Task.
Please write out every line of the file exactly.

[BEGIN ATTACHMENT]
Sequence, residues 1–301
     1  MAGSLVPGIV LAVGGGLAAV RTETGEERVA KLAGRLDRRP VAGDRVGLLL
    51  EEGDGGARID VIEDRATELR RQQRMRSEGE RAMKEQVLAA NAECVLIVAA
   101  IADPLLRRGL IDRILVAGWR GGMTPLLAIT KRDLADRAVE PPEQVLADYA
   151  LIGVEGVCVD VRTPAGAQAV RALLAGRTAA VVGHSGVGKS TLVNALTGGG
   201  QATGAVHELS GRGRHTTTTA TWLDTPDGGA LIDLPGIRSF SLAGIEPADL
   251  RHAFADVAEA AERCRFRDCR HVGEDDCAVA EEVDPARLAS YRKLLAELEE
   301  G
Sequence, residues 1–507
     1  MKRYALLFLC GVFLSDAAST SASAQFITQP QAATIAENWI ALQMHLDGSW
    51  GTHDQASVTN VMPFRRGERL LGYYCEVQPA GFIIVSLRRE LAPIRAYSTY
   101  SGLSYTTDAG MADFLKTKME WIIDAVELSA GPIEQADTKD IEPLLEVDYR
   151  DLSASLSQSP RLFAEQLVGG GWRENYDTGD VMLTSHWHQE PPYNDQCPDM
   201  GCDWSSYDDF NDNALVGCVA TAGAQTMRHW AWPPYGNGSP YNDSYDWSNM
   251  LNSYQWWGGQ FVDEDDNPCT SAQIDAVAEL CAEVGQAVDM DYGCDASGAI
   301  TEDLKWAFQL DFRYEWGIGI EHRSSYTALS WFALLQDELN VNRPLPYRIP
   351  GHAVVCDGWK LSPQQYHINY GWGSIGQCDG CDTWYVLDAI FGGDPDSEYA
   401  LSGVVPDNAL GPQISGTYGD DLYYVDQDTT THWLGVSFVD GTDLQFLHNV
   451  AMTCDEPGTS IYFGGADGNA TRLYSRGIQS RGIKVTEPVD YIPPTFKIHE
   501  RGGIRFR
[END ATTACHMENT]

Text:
Sequence, residues 1–301
     1  MAGSLVPGIV LAVGGGLAAV RTETGEERVA KLAGRLDRRP VAGDRVGLLL
    51  EEGDGGARID VIEDRATELR RQQRMRSEGE RAMKEQVLAA NAECVLIVAA
   101  IADPLLRRGL IDRILVAGWR GGMTPLLAIT KRDLADRAVE PPEQVLADYA
   151  LIGVEGVCVD VRTPAGAQAV RALLAGRTAA VVGHSGVGKS TLVNALTGGG
   201  QATGAVHELS GRGRHTTTTA TWLDTPDGGA LIDLPGIRSF SLAGIEPADL
   251  RHAFADVAEA AERCRFRDCR HVGEDDCAVA EEVDPARLAS YRKLLAELEE
   301  G
Sequence, residues 1–507
     1  MKRYALLFLC GVFLSDAAST SASAQFITQP QAATIAENWI ALQMHLDGSW
    51  GTHDQASVTN VMPFRRGERL LGYYCEVQPA GFIIVSLRRE LAPIRAYSTY
   101  SGLSYTTDAG MADFLKTKME WIIDAVELSA GPIEQADTKD IEPLLEVDYR
   151  DLSASLSQSP RLFAEQLVGG GWRENYDTGD VMLTSHWHQE PPYNDQCPDM
   201  GCDWSSYDDF NDNALVGCVA TAGAQTMRHW AWPPYGNGSP YNDSYDWSNM
   251  LNSYQWWGGQ FVDEDDNPCT SAQIDAVAEL CAEVGQAVDM DYGCDASGAI
   301  TEDLKWAFQL DFRYEWGIGI EHRSSYTALS WFALLQDELN VNRPLPYRIP
   351  GHAVVCDGWK LSPQQYHINY GWGSIGQCDG CDTWYVLDAI FGGDPDSEYA
   401  LSGVVPDNAL GPQISGTYGD DLYYVDQDTT THWLGVSFVD GTDLQFLHNV
   451  AMTCDEPGTS IYFGGADGNA TRLYSRGIQS RGIKVTEPVD YIPPTFKIHE
   501  RGGIRFR